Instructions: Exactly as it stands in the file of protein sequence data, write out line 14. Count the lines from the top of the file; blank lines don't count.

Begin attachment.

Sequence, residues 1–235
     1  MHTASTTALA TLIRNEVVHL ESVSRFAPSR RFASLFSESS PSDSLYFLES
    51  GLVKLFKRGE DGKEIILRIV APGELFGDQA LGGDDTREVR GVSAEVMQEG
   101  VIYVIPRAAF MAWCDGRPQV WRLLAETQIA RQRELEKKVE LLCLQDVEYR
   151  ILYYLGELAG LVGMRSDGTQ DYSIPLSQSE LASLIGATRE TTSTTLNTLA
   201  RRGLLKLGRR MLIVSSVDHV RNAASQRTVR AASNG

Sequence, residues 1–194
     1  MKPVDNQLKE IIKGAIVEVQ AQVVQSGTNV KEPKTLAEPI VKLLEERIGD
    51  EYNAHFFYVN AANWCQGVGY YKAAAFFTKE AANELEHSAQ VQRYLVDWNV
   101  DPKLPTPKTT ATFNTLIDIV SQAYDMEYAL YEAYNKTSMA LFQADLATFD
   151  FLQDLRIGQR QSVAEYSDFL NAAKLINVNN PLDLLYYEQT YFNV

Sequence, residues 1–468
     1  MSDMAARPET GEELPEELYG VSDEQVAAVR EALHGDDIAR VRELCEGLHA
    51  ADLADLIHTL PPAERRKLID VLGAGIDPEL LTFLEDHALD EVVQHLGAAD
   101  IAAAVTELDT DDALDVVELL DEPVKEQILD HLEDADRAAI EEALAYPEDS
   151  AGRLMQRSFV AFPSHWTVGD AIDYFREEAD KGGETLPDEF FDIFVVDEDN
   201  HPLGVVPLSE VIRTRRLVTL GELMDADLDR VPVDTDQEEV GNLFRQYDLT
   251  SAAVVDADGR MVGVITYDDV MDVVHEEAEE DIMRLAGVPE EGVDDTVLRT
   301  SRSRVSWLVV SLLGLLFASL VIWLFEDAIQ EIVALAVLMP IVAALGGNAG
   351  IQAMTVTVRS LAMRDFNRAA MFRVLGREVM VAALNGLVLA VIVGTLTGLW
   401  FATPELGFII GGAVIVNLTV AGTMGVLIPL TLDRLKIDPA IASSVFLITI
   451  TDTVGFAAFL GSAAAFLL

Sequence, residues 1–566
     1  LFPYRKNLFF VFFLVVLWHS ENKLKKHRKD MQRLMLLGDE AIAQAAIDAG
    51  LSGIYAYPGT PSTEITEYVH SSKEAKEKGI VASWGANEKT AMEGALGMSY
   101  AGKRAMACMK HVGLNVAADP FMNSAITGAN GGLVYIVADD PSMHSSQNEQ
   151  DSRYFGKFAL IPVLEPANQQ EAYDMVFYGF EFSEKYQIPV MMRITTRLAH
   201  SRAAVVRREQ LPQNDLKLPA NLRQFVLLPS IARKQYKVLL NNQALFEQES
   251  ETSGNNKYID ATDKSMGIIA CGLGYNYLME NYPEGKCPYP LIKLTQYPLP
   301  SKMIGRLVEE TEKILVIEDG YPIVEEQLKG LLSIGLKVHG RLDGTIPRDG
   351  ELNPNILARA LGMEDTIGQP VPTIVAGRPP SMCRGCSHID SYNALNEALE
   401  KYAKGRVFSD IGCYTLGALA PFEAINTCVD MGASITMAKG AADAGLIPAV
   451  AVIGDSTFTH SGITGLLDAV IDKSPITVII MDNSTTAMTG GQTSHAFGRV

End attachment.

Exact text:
    51  ADLADLIHTL PPAERRKLID VLGAGIDPEL LTFLEDHALD EVVQHLGAAD